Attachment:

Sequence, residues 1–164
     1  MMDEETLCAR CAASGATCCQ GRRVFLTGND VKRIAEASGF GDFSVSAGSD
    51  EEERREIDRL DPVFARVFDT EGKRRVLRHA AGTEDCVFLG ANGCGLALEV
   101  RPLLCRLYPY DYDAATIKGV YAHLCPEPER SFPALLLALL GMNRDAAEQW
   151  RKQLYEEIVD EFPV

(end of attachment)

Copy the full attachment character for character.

Sequence, residues 1–164
     1  MMDEETLCAR CAASGATCCQ GRRVFLTGND VKRIAEASGF GDFSVSAGSD
    51  EEERREIDRL DPVFARVFDT EGKRRVLRHA AGTEDCVFLG ANGCGLALEV
   101  RPLLCRLYPY DYDAATIKGV YAHLCPEPER SFPALLLALL GMNRDAAEQW
   151  RKQLYEEIVD EFPV